Cannes 2022: good surprise for “Les Huit Montagnes”, disappointment for “Armageddon Time”

The Eight Mountains***

by Charlotte Vandermeersch and Felix Van Groeningen

(In competition)

Armageddon Time**

by James Gray

(In competition)


by Mathieu Vadepied

(In some perspective)

It is the uncertainty of the competition in Cannes. Such a film announced with praise turns out to be disappointing; another, only arousing an effect of curiosity, turns out to be marvellous; another, finally, carrying a subject that commands respect, is sad not to be up to this ambition. So it was on the second day of the 75th Cannes Film Festival.

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The Eight Mountains, by Belgian filmmakers Charlotte Vandermeersch and Felix Van Groeningen, adapted from the novel by Paolo Cognetti, unfolded in all the splendor of an intelligent, contemplative cinema, which knows how to weave the passage of time and restore the power of the bonds of duration. Two children, one from the city, the other from the mountains, whom life has separated from each other, find themselves, adults, measuring the gap in their destiny and seeking to reconnect with what has been distended.

This “mountain film” is distinguished by its elegance, its poetry, its depth, the impeccable interpretation of its actors and its manifest faith in the power of cinema. The decades of a life are like the passing of the seasons, a mixture of eternal return and never more (never again). A bucolic ode which sticks, without excessive idealism, to the aspiration so strongly shared of a reconciliation of man with nature.

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Two films about friendship, life and death

Friendship, life and death, it is also a lot about in the new film by American James Gray, eagerly awaited on the Croisette for its fifth participation in the competition. Improbable friendship between a blonde upper class, lunar and unpredictable, with a Black, poor and pre-delinquent, at the time of triumphant Reaganism.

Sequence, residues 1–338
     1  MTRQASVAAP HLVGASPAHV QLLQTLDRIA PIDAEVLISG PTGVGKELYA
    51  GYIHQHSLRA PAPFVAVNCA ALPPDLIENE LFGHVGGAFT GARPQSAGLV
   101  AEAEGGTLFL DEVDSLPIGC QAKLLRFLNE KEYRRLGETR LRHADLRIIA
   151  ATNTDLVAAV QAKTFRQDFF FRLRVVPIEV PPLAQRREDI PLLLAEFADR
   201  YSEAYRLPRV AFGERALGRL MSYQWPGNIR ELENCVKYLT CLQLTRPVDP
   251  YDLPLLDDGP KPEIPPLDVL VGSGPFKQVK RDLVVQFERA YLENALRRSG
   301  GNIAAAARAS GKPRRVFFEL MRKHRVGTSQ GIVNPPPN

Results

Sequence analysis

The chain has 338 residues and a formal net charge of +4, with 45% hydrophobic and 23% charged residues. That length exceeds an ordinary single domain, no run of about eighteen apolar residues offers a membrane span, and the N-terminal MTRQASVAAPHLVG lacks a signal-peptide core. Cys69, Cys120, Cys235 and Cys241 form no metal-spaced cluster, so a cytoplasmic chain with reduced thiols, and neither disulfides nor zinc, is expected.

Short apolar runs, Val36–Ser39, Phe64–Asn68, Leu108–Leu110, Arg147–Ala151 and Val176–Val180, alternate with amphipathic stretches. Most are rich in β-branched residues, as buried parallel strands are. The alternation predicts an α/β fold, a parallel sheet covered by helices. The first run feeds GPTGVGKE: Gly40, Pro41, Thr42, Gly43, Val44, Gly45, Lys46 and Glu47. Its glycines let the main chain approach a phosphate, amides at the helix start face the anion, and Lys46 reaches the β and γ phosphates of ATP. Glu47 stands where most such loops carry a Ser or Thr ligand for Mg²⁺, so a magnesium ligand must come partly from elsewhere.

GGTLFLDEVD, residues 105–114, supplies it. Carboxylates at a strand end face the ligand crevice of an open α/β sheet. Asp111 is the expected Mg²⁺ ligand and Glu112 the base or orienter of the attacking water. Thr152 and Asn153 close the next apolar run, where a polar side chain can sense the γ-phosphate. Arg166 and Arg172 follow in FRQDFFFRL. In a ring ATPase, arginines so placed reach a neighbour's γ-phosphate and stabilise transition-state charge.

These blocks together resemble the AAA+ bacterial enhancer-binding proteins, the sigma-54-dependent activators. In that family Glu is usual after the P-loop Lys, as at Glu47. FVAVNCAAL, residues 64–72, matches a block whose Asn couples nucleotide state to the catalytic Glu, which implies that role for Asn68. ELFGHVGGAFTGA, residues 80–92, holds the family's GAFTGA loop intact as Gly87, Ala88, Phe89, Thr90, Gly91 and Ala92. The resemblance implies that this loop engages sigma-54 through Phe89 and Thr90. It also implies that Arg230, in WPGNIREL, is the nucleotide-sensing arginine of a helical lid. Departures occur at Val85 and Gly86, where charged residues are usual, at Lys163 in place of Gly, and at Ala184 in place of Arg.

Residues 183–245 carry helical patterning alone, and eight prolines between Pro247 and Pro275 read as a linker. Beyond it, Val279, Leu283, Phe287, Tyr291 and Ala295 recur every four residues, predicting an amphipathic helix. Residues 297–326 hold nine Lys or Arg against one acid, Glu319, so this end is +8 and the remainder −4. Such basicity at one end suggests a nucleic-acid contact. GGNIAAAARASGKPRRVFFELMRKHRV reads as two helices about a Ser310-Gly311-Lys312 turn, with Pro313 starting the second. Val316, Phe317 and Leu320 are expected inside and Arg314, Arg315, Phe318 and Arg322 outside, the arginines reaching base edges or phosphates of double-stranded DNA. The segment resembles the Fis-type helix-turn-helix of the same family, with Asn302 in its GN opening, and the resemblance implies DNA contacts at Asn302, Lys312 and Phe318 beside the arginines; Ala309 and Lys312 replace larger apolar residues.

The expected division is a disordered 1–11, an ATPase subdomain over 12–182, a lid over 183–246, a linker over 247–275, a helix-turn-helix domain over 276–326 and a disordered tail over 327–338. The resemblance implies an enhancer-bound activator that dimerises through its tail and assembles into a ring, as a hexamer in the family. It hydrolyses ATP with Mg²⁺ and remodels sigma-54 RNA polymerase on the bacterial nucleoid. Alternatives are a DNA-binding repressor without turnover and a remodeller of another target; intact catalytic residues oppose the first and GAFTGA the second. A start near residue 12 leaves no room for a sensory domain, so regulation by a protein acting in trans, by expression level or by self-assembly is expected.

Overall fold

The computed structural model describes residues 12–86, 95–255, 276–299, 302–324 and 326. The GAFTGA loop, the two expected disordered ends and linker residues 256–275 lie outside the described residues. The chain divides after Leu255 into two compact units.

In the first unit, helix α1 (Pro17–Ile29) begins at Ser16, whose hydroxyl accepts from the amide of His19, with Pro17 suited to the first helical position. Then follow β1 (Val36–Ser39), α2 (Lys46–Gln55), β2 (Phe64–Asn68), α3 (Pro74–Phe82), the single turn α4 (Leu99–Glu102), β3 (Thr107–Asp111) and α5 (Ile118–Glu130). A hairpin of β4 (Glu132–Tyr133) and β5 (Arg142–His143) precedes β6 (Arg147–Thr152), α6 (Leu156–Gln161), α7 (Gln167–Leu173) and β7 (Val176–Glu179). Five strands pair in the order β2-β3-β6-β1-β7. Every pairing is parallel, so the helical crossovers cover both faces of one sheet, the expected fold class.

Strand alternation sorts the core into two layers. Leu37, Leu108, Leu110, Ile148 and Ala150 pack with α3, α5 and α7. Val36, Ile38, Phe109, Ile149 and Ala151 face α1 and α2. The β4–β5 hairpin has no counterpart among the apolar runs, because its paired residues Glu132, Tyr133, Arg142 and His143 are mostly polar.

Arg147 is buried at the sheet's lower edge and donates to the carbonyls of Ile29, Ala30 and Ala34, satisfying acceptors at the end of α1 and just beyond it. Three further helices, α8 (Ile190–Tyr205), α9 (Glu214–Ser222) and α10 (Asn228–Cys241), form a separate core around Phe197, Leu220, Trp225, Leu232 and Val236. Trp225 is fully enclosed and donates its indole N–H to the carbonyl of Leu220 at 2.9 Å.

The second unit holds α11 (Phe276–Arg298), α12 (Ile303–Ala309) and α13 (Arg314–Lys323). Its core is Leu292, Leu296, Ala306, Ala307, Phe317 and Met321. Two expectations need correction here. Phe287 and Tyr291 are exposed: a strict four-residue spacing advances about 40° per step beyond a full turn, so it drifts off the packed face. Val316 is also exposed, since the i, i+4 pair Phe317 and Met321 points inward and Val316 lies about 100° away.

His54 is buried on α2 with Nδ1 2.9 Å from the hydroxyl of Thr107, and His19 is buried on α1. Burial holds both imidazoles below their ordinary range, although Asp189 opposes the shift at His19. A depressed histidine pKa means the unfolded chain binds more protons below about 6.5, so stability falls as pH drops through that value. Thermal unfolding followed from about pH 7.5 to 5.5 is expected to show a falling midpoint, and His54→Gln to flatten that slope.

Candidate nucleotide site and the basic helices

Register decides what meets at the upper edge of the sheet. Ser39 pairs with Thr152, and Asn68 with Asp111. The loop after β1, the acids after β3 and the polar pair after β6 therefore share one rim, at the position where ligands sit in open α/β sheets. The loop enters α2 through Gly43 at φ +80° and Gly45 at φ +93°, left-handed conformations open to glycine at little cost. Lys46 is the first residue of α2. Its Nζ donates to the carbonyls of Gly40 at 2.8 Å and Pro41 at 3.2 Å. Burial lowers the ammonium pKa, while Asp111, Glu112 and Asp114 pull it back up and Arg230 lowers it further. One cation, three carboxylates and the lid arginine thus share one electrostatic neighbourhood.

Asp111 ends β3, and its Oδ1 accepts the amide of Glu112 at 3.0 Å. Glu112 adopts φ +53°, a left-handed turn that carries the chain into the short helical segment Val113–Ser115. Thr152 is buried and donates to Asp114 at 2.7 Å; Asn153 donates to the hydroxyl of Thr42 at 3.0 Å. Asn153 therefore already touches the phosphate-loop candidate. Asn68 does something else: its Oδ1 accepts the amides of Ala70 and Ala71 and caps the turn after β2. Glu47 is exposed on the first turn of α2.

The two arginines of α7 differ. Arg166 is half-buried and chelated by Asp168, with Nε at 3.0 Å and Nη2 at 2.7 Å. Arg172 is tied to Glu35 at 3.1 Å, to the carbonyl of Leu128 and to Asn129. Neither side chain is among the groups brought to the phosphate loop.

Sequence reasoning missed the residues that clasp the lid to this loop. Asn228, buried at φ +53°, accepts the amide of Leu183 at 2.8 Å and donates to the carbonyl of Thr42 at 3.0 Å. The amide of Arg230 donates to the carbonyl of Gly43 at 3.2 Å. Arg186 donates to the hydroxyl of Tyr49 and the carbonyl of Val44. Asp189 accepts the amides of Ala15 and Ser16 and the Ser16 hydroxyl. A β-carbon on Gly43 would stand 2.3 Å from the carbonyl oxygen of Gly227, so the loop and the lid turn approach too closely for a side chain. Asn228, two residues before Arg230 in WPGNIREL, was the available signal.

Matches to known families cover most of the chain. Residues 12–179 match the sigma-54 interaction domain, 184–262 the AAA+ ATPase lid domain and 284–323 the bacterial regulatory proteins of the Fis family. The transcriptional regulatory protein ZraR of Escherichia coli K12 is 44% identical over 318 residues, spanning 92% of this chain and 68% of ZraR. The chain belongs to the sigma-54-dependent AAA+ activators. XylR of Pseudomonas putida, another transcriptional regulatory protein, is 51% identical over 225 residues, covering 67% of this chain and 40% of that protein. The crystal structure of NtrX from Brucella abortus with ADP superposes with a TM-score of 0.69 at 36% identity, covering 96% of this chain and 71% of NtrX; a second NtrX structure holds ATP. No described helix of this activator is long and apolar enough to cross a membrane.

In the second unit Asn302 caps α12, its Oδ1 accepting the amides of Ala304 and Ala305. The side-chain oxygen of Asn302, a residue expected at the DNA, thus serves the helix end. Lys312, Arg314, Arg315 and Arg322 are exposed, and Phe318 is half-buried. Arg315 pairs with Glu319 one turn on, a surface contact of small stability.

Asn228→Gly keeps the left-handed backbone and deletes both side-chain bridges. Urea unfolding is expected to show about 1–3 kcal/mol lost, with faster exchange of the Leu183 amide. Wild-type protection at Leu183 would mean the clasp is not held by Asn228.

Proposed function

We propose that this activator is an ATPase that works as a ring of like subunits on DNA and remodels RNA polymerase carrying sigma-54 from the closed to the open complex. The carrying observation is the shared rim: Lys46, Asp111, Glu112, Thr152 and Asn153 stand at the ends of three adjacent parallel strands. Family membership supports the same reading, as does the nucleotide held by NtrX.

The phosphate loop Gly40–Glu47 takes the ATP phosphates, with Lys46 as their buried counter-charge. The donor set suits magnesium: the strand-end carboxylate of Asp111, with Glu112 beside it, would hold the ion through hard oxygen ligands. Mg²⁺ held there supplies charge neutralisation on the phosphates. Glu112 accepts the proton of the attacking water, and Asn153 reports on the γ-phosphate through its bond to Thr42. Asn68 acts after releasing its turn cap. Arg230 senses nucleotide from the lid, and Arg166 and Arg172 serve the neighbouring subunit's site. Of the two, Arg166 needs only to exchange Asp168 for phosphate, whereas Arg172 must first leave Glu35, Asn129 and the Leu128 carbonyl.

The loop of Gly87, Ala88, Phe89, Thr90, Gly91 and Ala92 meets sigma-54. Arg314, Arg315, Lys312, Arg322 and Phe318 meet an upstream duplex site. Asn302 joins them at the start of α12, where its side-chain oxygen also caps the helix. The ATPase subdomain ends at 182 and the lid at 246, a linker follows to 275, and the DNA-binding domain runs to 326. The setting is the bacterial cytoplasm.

Armageddon Time, a title inspired by the apocalyptic predictions of Ronald Reagan, taken up by the neo-conservatives, was advertised as autobiographical. James Gray takes up, it is said, the memory of his college years, marked by the influence of Fred Trump, patron of this private establishment and father of Donald, spreading his cult of efficiency.

Except that there is a long way from the cut to the lips, even for James Gray, who presented a diligent copy, with images that were too smooth, without much relief, of two opposing worlds, a vague urban variation of Adventures of Huckelberry Finn, at most a strong demonstration of class injustice. Against a backdrop of persistent anti-Semitism and immigration from Ukraine (again) to America, the land of dreams. Agreed, in many respects, the result, despite James Gray’s proven craft, sinks into a form of banality to which he is unfamiliar.

A chromo without script

Finally, at the opening of the Un certain regard section, Skirmishers, by Mathieu Vadepied, played and co-produced by Omar Sy, was something to bait. This is the first time, according to Omar Sy, that the drama of the Senegalese skirmishers has been brought to the screen. “We don’t have the same memory but we have the same history”he said.

Beyond this beautiful formula, illuminating and hard-hitting, the film does not keep its promises. It’s a chromo without a script, without much concern for cinema, afflicted with dripping music by Alexandre Desplats (usually better inspired), who also wants to be a film about the war and only lines up distressing scenes.

Moral of the day: going to Cannes is always a formidable exam. One never ventures there without risk.


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